Three of four northern "production" states try to add early teal seasons
I've never associated hunting with pleasant weather. Here in my part of the world, waterfowling is done in the wet, windy autumn, and deer season comes as the leaves fall from the trees. With the exception of the spring turkey chasers, most hunters rate wool socks as their number one piece of equipment in my area.
That may soon change as it appears Michigan, along with several other northern states, may host an early teal season. Unlike neighbors to the south and east, Michigan, Minnesota, Wisconsin and Iowa don't currently have early teal seasons. Reasonings have been subject to discussion but, for the most part, these northern states have long felt that it's simply too risky to allow hunters to take to the marsh so early because they're all "production states," meaning there are too many other brown ducks around to risk allowing waterfowlers to hunt early teal.
In the past, I've been known to resist shooting at teal in the decoys, for fear of continued misses and wasted shells.
However, in a release posted by Delta Waterfowl, reports are that three of the four states in the northern block of the Mississippi Flyway have requested an early teal season from the USFWS, and expect to get it. The lone state not participating is Minnesota, citing a fair amount of opposition." The Gopher State will take into consideration a season for 2015, however, after more public opinion and hard data can be collected and considered.
In the release, I once again read of the need for spy blind studies." I had heard of this type of observation when many northern states hosted previous experimental seasons. (Collected data from an experimental Michigan season in 1965 can be viewed here). The point is to, really, spy on hunters.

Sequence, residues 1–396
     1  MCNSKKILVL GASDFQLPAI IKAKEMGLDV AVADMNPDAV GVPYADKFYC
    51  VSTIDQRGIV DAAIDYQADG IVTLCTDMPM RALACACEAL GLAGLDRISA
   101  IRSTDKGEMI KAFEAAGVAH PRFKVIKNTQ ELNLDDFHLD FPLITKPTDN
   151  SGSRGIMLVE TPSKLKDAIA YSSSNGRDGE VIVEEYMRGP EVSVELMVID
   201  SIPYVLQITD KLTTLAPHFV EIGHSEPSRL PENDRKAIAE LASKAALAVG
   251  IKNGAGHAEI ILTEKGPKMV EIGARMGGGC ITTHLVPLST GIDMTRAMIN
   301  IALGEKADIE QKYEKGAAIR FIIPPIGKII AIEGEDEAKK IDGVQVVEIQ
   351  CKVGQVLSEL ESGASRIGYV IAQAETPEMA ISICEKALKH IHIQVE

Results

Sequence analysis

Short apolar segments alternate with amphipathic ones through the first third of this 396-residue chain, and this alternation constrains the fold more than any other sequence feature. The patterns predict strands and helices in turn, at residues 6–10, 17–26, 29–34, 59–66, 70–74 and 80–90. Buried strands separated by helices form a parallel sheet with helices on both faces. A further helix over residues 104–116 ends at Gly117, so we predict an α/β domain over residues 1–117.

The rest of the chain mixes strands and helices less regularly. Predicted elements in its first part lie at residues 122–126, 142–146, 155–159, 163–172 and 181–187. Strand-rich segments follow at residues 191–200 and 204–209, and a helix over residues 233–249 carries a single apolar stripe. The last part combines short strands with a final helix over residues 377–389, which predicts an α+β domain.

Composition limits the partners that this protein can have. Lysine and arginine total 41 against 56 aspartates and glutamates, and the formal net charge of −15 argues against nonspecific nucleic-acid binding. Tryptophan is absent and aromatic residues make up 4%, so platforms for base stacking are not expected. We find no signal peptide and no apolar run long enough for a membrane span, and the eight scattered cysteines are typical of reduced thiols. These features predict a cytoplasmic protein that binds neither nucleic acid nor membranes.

During teal seasons in the North, states are required to determine the percentage of shots being taken at non-teal species. The initial seasons are really an experiment to start. If the percentage is too high, the USFWS will end the experiment and eliminate the season.
Talk about pressure!
While I have a hard time believing this to be an effective way to measure the intentions of hunters across the region, if nothing else, publicizing such activities should keep more hunters legit.
Most importantly are two factors to consider in all of this. One, there appears to be evidence to suggest that duck numbers are high enough to expand hunting opportunities, rather than limit them, as we have seen in the not too distant past. And, two, there exists interest to increase hunter participation.
The latter is a key variable, as hunter numbers continue to decline across the board due for a variety of reasons. In today's day and age, we need all the hunters, and their associated license dollars, we can get.
I, of course, will be front-and-center if Michigan gets the green light. In the past, I've been known to resist shooting at teal in the decoys, for fear of continued misses and wasted shells. Maybe, beginning soon, I'll be able to get my swing down in September, and reap the rewards with some awesome tablefare.